Steve Jobs revolutionized so many aspects of our lives. One often overlooked area: Our money.
Jobs fundamentally changed wired Americans’ relationship with their finances — from how and when we shop and bank to our awareness of our net worth.
When Apple (AAPL) launched the iPhone in 2007, people were already banking online — but the development of iPhone apps devoted to personal finance launched a rapid evolution in the way people handle their money. Want to deposit a check from your living room couch? There’s an app for that. Transfer funds, pay bills, balance your virtual checkbook? There’s an app for that too.
It’s easy to forget that these are all functions that, before the iPhone’s 2007 debut, were done almost entirely through brick-and-mortar branch banking. Recent research from the American Bankers Association showed that since 2009, online banking has become the preferred way to bank for customers doing their day-to-day interactions.
To be sure, the mobile banking revolution is only in its infancy. While 62% of those responding to the recent ABA survey say that they preferred to do their banking online, only 1% said mobile was their preferred way to bank. But since the beginning of this year, Capital One (COF) reports around 450% growth in the number of customers accessing their accounts online and with mobile apps such as those on iPhones and Android-powered smartphones.
“The iPhone and iPad have completely upended the balance of power in the world of personal finance,” says Brad Stroh, CEO of debt-management startup Bills.com. “Consumers now have access to real-time rates, account balances and budget spend at their fingertips — all on a device in their pocket.”
Yet on the flip side, the iPhone and iPad allow us to spend money anytime — and that can be devastating for anyone trying to rein in spending.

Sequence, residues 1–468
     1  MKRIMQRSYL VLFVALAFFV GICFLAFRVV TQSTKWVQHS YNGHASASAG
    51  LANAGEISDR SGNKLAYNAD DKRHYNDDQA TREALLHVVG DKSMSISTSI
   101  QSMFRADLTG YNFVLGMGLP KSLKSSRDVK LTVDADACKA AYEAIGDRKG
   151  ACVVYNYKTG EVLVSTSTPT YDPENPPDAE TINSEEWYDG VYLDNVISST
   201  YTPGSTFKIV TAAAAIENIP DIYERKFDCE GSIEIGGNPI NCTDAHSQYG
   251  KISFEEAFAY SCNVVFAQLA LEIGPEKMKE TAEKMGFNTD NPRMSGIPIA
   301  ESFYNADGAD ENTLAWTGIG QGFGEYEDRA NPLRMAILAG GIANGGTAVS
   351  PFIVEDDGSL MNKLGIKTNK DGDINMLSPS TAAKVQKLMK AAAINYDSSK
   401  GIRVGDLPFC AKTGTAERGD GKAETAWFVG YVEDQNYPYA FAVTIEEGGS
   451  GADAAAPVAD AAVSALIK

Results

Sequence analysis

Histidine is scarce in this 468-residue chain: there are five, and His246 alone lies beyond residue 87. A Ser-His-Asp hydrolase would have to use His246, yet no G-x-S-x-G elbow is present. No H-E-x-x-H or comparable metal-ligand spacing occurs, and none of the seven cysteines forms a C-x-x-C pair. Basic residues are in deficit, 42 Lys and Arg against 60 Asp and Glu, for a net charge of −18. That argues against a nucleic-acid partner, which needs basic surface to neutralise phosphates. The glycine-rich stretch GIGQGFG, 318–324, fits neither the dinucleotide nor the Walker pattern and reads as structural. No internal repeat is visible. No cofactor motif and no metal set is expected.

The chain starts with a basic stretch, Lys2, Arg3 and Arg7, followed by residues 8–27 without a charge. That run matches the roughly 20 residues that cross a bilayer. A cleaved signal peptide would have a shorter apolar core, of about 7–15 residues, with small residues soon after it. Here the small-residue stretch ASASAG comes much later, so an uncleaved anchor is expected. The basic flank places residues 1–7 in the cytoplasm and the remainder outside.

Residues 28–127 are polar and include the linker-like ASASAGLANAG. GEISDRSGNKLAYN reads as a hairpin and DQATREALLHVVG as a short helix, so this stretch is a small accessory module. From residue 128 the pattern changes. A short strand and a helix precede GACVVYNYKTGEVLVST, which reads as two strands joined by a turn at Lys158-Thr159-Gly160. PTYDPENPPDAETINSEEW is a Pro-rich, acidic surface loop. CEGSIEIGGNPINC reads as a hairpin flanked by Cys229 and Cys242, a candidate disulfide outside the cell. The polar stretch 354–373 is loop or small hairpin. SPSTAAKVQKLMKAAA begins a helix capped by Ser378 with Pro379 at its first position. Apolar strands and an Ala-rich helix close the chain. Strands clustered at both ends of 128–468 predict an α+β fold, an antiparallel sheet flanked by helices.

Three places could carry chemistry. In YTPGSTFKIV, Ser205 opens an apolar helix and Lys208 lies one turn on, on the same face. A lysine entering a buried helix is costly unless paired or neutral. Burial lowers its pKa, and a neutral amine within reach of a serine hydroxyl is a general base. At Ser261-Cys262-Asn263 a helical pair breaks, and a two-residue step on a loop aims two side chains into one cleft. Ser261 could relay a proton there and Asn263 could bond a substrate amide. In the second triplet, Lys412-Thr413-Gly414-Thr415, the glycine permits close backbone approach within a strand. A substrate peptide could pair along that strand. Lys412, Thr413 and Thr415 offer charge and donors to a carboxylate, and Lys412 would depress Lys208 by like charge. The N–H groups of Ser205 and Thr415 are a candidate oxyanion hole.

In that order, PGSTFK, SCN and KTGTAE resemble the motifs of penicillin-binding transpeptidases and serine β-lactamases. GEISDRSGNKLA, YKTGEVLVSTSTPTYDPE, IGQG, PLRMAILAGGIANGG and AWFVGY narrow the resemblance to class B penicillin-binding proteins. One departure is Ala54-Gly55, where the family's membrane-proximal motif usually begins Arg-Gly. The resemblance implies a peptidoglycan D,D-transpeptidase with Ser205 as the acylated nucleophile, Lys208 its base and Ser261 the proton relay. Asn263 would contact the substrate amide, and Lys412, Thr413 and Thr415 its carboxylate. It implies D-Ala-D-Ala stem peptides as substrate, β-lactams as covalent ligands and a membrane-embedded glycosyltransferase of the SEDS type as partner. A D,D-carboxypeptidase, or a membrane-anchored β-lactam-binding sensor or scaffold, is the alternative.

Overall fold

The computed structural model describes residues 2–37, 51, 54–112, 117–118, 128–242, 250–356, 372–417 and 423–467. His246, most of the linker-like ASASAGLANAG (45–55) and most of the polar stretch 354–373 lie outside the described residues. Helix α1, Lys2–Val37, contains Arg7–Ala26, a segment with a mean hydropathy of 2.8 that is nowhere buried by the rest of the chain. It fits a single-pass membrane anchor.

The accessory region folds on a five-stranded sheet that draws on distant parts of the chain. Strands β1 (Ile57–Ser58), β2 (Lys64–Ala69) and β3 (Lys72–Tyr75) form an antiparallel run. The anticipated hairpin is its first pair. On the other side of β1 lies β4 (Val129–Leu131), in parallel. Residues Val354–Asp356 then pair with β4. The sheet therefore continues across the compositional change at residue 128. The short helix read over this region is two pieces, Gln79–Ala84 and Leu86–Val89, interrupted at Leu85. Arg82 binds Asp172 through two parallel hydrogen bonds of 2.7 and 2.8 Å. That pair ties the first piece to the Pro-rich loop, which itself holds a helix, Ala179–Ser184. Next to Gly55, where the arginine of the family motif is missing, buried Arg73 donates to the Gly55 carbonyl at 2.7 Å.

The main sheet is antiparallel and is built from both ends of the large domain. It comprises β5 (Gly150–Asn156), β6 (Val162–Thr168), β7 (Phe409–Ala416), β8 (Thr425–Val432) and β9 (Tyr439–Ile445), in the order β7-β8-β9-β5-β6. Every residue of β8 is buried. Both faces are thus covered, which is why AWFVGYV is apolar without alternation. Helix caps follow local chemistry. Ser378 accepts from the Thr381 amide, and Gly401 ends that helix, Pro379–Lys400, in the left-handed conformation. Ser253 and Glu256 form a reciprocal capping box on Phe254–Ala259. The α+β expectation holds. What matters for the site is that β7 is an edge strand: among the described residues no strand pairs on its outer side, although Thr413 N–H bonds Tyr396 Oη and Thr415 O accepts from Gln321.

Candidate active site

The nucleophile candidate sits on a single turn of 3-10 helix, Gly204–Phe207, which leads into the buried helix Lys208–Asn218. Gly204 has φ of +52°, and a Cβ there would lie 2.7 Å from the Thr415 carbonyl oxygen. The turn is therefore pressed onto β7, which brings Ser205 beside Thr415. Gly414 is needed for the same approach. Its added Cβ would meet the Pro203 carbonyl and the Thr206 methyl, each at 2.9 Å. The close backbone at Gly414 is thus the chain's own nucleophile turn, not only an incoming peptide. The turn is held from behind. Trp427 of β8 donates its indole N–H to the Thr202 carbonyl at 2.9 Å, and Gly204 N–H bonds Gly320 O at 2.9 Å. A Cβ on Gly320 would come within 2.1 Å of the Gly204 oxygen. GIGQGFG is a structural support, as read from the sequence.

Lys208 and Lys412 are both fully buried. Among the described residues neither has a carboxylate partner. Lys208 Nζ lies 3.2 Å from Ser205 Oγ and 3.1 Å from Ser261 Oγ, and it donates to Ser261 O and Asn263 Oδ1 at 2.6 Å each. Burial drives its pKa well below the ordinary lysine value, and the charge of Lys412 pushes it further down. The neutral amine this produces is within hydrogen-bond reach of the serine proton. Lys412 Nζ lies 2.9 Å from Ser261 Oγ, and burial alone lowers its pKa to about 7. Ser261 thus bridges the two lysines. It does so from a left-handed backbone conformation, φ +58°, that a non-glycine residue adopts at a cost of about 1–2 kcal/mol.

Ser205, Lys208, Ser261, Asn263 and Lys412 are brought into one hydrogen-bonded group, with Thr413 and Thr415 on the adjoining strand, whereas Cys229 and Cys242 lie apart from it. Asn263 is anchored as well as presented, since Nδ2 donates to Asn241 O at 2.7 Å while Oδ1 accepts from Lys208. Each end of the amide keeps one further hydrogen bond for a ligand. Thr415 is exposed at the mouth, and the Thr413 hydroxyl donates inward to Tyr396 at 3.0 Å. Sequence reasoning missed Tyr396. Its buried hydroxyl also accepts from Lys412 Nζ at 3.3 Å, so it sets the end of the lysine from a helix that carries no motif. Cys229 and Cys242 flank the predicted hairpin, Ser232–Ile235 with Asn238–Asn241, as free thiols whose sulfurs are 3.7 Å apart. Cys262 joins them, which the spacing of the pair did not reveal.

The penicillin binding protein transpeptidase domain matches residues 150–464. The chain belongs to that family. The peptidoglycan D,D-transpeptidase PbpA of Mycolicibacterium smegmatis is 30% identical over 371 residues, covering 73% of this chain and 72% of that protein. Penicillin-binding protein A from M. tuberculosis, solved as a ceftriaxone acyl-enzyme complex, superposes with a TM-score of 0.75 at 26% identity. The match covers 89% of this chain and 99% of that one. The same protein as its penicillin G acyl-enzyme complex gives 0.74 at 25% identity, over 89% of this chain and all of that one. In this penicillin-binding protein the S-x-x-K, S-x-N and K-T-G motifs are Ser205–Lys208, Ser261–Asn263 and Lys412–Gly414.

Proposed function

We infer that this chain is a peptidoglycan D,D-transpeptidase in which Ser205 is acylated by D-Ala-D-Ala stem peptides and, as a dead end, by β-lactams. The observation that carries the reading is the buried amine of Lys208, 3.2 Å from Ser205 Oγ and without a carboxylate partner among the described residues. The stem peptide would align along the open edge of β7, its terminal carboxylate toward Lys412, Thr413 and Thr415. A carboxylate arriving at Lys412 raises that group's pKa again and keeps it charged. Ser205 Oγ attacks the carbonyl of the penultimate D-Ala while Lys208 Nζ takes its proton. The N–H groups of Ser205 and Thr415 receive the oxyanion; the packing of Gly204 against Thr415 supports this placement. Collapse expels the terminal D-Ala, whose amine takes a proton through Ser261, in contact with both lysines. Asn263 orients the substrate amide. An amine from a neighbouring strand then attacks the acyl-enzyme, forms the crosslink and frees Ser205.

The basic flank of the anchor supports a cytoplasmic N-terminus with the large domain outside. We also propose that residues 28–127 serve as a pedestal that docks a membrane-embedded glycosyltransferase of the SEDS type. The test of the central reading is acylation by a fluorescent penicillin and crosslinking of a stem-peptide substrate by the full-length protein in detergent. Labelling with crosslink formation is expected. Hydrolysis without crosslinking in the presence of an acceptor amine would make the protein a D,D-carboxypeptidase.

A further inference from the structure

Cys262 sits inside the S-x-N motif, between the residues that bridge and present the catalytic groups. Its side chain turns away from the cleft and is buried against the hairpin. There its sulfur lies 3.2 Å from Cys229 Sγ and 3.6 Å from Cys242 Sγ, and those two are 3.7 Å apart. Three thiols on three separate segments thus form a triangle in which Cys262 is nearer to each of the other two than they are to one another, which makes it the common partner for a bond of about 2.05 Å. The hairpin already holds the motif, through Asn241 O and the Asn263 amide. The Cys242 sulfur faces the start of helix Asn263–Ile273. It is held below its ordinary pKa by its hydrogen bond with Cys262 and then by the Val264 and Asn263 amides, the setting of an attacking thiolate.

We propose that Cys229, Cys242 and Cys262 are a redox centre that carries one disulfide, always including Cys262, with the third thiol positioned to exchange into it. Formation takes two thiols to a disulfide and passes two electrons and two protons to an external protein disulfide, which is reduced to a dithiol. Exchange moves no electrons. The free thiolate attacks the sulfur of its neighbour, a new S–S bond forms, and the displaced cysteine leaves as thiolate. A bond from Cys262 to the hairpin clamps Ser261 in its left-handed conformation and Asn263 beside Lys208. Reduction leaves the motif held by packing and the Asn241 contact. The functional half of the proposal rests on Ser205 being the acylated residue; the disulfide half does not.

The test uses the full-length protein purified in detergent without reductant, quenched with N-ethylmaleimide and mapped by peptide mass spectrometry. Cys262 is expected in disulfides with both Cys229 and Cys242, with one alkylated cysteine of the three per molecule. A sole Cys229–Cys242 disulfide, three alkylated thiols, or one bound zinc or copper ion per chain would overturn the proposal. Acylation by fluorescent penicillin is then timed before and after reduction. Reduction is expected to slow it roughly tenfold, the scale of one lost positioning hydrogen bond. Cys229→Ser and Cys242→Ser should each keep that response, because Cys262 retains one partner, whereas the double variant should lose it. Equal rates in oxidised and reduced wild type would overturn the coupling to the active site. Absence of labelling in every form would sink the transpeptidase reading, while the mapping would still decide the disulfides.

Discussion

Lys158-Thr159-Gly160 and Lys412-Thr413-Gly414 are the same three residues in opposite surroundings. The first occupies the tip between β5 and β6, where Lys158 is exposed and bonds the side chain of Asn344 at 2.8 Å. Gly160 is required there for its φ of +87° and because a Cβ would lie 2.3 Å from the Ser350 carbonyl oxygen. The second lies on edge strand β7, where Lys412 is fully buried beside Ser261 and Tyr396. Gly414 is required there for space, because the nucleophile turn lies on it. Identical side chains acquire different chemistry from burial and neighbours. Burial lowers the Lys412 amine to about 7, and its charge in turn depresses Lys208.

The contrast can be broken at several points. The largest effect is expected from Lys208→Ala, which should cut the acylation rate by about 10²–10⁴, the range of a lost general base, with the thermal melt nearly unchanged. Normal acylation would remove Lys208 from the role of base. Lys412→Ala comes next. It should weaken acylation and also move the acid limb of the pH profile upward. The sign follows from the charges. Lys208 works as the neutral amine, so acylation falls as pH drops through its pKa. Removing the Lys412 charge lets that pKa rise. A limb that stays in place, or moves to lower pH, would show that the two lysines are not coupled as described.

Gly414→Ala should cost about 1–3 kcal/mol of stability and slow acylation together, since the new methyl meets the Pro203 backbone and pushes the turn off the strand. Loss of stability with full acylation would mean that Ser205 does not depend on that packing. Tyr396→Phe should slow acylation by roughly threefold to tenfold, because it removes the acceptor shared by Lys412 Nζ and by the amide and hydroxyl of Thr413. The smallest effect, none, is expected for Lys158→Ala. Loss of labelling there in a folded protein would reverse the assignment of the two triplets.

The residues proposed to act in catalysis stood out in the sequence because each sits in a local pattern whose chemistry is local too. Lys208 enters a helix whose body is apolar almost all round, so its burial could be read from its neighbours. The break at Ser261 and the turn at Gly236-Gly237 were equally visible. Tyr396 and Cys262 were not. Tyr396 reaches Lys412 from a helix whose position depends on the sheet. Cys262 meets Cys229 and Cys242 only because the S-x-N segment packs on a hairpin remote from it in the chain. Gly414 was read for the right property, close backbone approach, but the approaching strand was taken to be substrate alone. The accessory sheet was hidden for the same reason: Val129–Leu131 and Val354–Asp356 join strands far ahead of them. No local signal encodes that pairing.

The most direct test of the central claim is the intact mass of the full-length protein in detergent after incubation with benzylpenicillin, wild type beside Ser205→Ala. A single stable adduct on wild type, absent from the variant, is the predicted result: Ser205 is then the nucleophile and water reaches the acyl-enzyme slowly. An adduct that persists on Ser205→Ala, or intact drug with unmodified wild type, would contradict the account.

The Apple mobile devices have helped to create a new consumer ecosystem — helped along by the prevalence of debit and credit cards — of micro-payments. From buying a $9.99 ebook or a 99¢ song or game on iTunes, or a $2.99 grande Americano at Starbucks (SBUX), the number of such small electronic purchases is increasing.
But even as Americans spend money in increasingly snack-sized bites, the iPhone has helped create a gateway for monitoring spending and personal finances in small, daily chunks as well, rather those longer weekly or monthly account-keeping sessions of yesteryear.
“People are trying to keep up with the [increasing] velocity of money,” says Jaidev Shergill, CEO of the personal finance web site Bundle.com. He adds that that mapping spending habits, a task easily performed through GPS-enabled iPhones and smartphones, is adding another dimension to the way people use their money, and driving the growing trend for localized deal offers by businesses and services.
Ken Sun, who leads the mobile team for the personal budget app and website Mint.com, says the iPhone has changed people’s relationship with money for the better. “The human memory is faulty and now you have an impartial observer,” Sun says.